Overall, Jen thought her first class on her first day at Bay City University went rather well. All twelve of her advanced Cognitive Science students appeared engaged and interested in what she had to say. Except for this one guy. He sat in the back of the room and spent a good fifty-five of their sixty minute period trying to distract the pretty blonde who sat next to him by periodically leaning over and writing his own remarks on the paper where she appeared to be diligently trying to take notes.

The fact that Steven Frame and Sarah Matthews-Wheeler held hands as they were leaving suggested to Jen that they'd met before. But that still didn't make his behavior anymore acceptable.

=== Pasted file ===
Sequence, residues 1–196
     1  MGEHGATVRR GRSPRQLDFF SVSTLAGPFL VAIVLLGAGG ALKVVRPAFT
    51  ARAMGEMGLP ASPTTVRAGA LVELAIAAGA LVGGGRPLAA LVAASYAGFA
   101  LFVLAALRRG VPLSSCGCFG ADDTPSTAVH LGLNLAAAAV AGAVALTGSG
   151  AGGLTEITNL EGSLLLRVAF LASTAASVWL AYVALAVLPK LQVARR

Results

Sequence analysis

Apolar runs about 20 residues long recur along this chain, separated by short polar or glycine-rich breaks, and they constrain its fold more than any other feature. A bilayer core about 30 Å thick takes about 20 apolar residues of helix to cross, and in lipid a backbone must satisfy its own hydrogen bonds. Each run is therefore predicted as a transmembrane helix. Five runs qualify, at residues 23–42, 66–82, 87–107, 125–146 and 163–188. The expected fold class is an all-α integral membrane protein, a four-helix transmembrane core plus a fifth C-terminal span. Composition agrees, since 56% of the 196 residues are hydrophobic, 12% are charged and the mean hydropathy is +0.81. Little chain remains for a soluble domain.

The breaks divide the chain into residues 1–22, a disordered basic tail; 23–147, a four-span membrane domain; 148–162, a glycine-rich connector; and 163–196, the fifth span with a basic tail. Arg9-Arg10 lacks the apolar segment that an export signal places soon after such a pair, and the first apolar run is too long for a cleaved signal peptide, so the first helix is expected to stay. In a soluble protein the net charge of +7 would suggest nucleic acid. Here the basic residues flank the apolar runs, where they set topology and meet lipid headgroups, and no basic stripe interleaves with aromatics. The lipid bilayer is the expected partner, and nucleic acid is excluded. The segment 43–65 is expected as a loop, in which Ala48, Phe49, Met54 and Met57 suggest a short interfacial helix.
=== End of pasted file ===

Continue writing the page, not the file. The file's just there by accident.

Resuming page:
Jen called them both over and wondered if Mr. Frame might not be happier switching to a class on Behavioral Science, as Cognitive was clearly failing to hold his interest.

"I'm actually getting my PhD in Computer Science," he clarified. "I'm just auditing this course because my advisor thought a few of your less voodoo concepts, the modeling in particular, might be helpful for the work I'm doing in artificial intelligence."

"Voodoo," Jen repeated curiously.

"No offense."

"Too late."

"Come on," he laughed. "Even you've got to admit that everything you're doing here is just taking wild stabs in the dark. I mean, how far is any of this, really," he indicated several of the concepts Jen had written out on her Smart Board. "From Phrenology?"

"Hmmm," Jen mused. "Neuroimaging versus studying the bumps on people's heads. You're right, they're practically the same thing."

"Give it a few years, they will be."